The Elder Scrolls V: Skyrim, released in November, is one of the most lauded role-playing games (RPGs) in recent history. It’s the first game not made in Japan to score a 40/40 in the famous Famitsu magazine, and it’s also a game that will last at least 100 hours, if you’re not interested in simply exploring the world the way the developers intended you to. Set in what appears at first to be the standard J.R.R. Tolkien-derived fantasy world, Skyrim has a rich history to draw on, and not just from the events of the four games before it—the developers have seeded their world with richly detailed histories and economic treatises, along with works of fiction that players can choose to read or ignore. In the game, the world is under grave threat from dragons, and the player—who can set a lot of characteristics of the protagonist before the game begins—is the “chosen one” to save the world. Or, like me, you can take your fantasy hero and explore a painstakingly detailed and beautifully realized world.
A few hours into the game, I discovered something that made me set out on a quest to read all the books I could find. Outside the town of Windhelm, in the cheerfully named Brandy-Mug Farm, I was stealing everything I found. Part of my loot was a book called The Daughter of the Niben, and my skill in Alteration—a field of magic— increased simply by reading it. I knew I would be reading many more books after that.
Book smart: In Skyrim you can even be a barbarian librarian.
Rising Threat, Volume II, by Lathenil of Sunhold
The book was lying in a store in the capital city of Whiterun. It was an interesting account of the destruction brought about by the “Oblivion Crisis”. Unfortunately, I didn’t know what that was. I needed to find the first volume, and decided to keep the book with me. The shopkeeper didn’t like that, and called the town guards. I escaped, but I had to kill one guard. Now they try to kill me on sight. I decided to spend some time in the wilderness.
Rising Threat, Volume I, by Lathenil of Sunhold
I’d paid fines and returned the second volume by the time I found the first part, in the city of Riften. It’s a small town, rife with poverty, controlled by a mafia-like organization. They wanted to charge a toll for entering Riften, but I bribed a guard. Inside, I killed a homeless elf when no one was looking and stole the book. Now I know everything about the Oblivion Crisis. The book is an interesting account of how an army led by someone called Dagon destroyed the capital of the high elves. But I also feel guilty about killing the poor elf. I left the city and headed east towards a mountain pass.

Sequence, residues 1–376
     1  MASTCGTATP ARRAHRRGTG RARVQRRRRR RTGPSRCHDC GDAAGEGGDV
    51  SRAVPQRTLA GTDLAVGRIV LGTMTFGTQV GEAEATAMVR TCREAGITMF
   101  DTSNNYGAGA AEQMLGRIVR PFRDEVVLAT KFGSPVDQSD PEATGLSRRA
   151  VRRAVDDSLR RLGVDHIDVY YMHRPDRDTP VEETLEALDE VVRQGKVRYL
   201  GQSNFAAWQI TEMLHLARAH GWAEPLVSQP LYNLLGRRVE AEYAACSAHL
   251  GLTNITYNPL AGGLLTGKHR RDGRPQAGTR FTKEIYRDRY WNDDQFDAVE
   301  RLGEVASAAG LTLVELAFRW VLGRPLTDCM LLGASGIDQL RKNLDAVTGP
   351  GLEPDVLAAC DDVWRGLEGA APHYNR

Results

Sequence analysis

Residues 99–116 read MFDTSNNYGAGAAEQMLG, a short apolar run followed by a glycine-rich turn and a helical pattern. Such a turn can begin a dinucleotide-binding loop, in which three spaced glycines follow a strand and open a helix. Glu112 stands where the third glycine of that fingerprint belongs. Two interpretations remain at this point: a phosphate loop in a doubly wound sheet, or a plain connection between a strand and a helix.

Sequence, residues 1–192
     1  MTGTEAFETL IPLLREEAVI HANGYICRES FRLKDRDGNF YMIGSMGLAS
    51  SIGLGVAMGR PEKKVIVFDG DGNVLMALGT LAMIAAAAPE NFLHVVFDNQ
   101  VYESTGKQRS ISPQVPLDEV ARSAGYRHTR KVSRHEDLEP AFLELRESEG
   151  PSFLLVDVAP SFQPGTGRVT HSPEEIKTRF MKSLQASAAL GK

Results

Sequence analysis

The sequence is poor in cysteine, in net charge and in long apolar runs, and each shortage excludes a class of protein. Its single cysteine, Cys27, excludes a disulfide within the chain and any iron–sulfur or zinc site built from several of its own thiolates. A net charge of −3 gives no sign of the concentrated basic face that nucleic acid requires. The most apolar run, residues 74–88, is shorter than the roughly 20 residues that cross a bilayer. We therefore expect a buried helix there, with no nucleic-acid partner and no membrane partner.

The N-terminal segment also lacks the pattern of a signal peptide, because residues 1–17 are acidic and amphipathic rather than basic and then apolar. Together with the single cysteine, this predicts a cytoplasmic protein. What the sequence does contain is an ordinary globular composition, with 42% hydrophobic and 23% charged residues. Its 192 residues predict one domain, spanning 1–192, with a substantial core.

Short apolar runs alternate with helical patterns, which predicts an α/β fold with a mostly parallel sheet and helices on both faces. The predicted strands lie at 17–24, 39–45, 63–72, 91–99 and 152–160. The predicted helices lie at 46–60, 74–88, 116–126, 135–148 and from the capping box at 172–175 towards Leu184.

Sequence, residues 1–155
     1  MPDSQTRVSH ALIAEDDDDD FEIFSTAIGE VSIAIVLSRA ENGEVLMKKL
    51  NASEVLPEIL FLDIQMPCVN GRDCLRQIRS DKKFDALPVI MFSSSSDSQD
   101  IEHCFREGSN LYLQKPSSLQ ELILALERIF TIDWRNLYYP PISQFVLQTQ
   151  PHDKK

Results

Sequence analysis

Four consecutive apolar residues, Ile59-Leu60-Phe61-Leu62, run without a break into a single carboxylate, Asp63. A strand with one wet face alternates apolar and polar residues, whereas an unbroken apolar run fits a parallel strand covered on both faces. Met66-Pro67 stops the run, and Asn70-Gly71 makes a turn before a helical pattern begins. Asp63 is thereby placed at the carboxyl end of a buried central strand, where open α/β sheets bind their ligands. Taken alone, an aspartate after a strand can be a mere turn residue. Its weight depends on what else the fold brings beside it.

Dance in the Fire: Book II, by Waughin Jarth
I chanced upon the Haafingar Stormcloak camp, deep in Imperial territory. I’d chosen to side against these rebels, but I was now trying to end the civil war. They weren’t too pleased to see me though—I’d killed enough of their comrades. In their camp, I found this book, and it improved my blocking. It’s also the most enjoyable book in Skyrim so far. Caught between two warring states, your party of merchants is ambushed first by one side and then the other, and it’s written with a wry sense of humour. No spoilers, but it’s the ultimate shaggy dog story. I followed a river south.
The True Nature of Orcs
I was adventuring in the Bilegulch Mine when I came across a group of orc bandits. Since I play as an orc well, I thought we could sit around a fire and share some mead. Instead, they tried to kill. It was a pointless and brutal encounter. Then, in the back of the cave, I found a human body with the book on it. The book talked about the myth of the origin of the orcish race, and how we were once the best and brightest of elves before the corruption of our patron god. Explains why everyone hates me I suppose. I’d read about an orc invasion in another book—time to learn more about it. I headed to the ruins of the Nightcaller Temple.
An Explorer’s Guide to Skyrim, by Marcius Carvain
I found the perfect book for me in the temple. It had been the site of a terrible battle between the followers of Mara and an invading army of orcs. The priests poisoned the invaders, but they themselves were also affected, and both turned into monsters. When I opened the door, priests and orcs both attacked me. Much later, I found this book on a shelf. It’s a guide to the tourist sights of Skyrim. Perhaps it was a sign, to try something new.